Food for the Soul: Lost Masterpieces. Part 2: Missing

The Storm on the Sea of Galilee. Rembrandt van Rijn (1633). Stolen in 1990 from Isabella Stewart Gardner Museum. Boston. Photo: Public Domain Wikimedia Commons.

By Nina Heyn – Your Culture Scout

Since antiquity, artworks have been the first thing to be looted. By the turn of the 19th century, the collection of war trophies achieved a monumental scale, thanks to Napoleon’s quests as well as colonial collectors making expeditions around the world.

Napoleon systematized the plundering of conquered lands, sending back home artworks from wherever his army went—Spain, Poland, Italy, or the Austrian Empire. When he took almost two hundred scientists and artists on his Egyptian campaign, their exploration (and plunder) of antiquities launched the science of Egyptology and enriched the Louvre and private collections.

Although Napoleon was hardly the first conqueror to appropriate treasures, he was certainly one of the most accomplished—until Hitler came along with his EER art theft unit (Einsatzstab Reichsleiter Rosenberg). The seizure of anything of artistic value carried on from Hitler’s ascent to power all the way to his infamous Nero Decree in 1945. The EER’s rampage through European art collections has been well documented, but there is one looting that is particularly painful for the history of art. Raphael’s Portrait of a Young Man is believed to be his self-portrait, painted around 1513 when the artist had reached the apogee of his social standing—indicated in this portrait by the sable-fur-lined coat and a Persian carpet—and at a time when his skills made him one of the most sought-after artists in Rome.

Portrait of a Young Man. Raphael (C. 1513). Stolen from the Czartoryski Collection in Kraków during WWII. Photo: Public Domain Wikimedia Commons.

This famous portrait had been part of the Prince Czartoryski collection in Poland since 1798, until the country fell to the German army in September 1939. The Nazi governor of Kraków, Hans Frank, took over the Wawel Royal Castle and initially decorated his rooms with this Raphael, Rembrandt’s Landscape with the Good Samaritan, and da Vinci’s Lady with Ermine, but he was later compelled to send them to his boss and another art connoisseur. Hitler was assembling a collection of the best artworks plundered from all the conquered countries—his pet project was a plan for an art museum in his native city of Linz. Toward the end of the war, Frank managed to get this art back, but by then the Red Army was approaching Kraków, so he escaped to Germany, taking the paintings with him. And that is where the trail goes cold. Although Hans Frank was tried at Nuremberg, and Lady with Ermine and the Rembrandt were recovered in his villa, the Raphael portrait is still missing, together with over 800 other collection pieces. In Canterbury and Bergamo, there are small copies of the painting made in later centuries, but there is no color photo of the original since it was stolen before color technology existed. The estimated value of the painting is $100 million. Poland offered a reward to retrieve the canvas, but so far only an empty original frame hangs at the museum. The looting of this Raphael masterpiece is considered the most significant loss in the history of European art ever.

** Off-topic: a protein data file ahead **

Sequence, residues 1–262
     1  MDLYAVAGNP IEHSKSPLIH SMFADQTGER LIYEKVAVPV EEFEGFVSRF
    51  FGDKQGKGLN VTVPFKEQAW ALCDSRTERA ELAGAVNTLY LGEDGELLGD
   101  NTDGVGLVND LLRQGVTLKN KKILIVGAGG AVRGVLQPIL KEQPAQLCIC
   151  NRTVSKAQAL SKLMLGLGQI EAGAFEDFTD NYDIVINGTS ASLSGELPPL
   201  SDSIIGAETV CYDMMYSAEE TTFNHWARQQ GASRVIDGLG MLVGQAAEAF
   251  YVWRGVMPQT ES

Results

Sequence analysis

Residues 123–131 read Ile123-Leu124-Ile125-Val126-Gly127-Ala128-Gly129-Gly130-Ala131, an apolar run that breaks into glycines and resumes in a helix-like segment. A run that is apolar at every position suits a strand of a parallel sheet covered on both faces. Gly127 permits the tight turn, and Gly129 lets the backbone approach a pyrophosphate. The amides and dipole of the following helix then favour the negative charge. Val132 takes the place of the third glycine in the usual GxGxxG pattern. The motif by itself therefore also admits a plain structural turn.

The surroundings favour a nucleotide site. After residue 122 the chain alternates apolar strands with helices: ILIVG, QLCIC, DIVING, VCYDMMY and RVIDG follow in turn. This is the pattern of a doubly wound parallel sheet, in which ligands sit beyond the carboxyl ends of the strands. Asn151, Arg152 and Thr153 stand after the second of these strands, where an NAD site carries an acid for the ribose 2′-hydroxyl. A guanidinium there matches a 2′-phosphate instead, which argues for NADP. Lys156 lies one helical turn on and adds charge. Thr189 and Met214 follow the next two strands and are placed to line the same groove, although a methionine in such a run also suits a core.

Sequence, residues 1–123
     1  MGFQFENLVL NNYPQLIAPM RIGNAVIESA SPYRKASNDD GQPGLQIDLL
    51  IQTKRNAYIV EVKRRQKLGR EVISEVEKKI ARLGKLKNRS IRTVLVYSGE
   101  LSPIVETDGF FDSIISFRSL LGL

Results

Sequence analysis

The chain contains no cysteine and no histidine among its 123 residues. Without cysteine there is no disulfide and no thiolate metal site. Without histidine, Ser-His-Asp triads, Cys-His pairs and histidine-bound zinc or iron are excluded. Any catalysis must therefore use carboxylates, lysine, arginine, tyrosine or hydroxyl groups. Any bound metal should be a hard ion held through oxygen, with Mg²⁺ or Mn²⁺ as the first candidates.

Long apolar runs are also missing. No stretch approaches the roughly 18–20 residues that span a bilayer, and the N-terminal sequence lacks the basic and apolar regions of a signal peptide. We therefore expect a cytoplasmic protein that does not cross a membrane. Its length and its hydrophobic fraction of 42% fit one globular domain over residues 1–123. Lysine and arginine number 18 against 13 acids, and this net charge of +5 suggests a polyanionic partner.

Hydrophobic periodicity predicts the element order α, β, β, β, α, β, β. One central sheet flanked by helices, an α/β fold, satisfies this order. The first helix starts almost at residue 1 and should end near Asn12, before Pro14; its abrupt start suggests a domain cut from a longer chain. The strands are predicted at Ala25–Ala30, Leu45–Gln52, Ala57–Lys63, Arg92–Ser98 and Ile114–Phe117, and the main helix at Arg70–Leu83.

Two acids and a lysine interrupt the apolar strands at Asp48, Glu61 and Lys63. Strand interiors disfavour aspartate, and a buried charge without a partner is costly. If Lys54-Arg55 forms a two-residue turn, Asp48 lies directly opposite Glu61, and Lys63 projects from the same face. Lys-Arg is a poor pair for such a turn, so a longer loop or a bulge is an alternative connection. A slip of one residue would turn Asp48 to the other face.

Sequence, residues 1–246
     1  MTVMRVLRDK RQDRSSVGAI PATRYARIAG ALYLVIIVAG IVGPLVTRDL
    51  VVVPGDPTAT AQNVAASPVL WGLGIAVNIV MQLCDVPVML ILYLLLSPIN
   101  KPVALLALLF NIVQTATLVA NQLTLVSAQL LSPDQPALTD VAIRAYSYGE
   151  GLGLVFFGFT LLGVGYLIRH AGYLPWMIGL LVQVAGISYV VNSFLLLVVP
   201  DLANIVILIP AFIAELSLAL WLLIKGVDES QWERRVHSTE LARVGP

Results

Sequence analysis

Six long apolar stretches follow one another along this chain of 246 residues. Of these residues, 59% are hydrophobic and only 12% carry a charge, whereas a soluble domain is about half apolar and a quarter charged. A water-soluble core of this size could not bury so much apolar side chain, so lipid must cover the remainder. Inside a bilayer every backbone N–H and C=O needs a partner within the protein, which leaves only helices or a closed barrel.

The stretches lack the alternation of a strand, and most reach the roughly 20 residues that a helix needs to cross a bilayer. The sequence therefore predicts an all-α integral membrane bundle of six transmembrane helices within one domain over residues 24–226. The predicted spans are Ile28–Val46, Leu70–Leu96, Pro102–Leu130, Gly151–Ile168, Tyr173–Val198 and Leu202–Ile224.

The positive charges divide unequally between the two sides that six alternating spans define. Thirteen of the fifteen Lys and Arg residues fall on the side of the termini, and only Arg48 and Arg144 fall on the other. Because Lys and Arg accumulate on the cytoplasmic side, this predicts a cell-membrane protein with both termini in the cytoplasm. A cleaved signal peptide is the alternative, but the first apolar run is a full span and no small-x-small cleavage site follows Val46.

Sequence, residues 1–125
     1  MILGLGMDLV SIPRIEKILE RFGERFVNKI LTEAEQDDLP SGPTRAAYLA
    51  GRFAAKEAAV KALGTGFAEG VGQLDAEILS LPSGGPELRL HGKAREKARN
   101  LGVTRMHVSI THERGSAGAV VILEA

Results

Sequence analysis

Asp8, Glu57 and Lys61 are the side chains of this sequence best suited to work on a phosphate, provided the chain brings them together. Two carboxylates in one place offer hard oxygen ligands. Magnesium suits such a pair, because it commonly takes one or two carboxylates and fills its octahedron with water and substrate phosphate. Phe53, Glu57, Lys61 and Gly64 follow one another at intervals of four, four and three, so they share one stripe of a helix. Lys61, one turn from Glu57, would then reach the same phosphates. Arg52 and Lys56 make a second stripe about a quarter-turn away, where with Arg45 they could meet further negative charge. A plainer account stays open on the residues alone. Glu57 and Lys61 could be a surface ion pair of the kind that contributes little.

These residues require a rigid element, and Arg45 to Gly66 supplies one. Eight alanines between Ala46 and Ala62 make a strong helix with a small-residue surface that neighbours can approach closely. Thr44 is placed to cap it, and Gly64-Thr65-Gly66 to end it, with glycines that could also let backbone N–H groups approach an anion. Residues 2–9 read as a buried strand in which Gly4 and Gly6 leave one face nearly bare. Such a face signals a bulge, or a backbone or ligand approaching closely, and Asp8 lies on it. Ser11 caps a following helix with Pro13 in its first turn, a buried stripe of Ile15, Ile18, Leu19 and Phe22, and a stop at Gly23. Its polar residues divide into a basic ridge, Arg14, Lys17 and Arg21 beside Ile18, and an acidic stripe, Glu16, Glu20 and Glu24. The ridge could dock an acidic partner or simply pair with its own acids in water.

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In real life, art theft is not as charming as in The Thomas Crown Affair, a light-footed story of a gentleman-thief, here embodied by Pierce Brosnan (there is also an earlier version of this movie with Steve McQueen). Museum theft became a common event in the 20th century, when it was not only tourists who started massively flocking to art museums but criminals who discovered the power of art—and especially the power of art pieces as potential collateral in money laundering or as bargaining chips in case of an arrest. Unfortunately, museum theft is often more brutal and damaging than any movie can show.

The London-based Art Loss Register, the world’s largest private database of stolen art, records over 10,000 missing artifacts a year. They have in their database over 700,000 stolen pieces, and every year over 300,000 items that sell all over the world get checked by the register. Over 100 Rembrandt paintings are missing, as are close to 500 works by Picasso, followed by missing art by Raphael, Rubens, Vermeer, Titian, Monet, and more—many artists’ legacies are incomplete due to theft or destruction. Many of these missing paintings were sitting exposed in historic mansions, or at temporary shows in unprotected buildings, or in museums with token security, vulnerable to any thug with a chisel and fast legs.